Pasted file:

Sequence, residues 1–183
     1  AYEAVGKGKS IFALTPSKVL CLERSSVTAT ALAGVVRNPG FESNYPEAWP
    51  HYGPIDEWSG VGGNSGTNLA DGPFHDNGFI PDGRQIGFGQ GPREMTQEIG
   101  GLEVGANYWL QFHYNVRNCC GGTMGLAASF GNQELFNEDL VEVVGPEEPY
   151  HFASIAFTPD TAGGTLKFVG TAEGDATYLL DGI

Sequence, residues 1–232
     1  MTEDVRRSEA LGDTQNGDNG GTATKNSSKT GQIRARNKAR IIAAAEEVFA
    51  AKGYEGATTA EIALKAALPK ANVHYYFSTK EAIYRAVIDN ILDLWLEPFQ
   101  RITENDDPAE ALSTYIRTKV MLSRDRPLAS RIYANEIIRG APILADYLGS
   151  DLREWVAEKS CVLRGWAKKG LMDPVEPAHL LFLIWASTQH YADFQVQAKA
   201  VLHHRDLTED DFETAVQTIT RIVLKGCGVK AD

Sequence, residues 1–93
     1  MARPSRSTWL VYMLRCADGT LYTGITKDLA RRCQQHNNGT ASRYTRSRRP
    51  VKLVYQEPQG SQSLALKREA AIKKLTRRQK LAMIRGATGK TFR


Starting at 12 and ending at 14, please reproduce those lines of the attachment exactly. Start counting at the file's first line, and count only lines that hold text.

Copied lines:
Sequence, residues 1–93
     1  MARPSRSTWL VYMLRCADGT LYTGITKDLA RRCQQHNNGT ASRYTRSRRP
    51  VKLVYQEPQG SQSLALKREA AIKKLTRRQK LAMIRGATGK TFR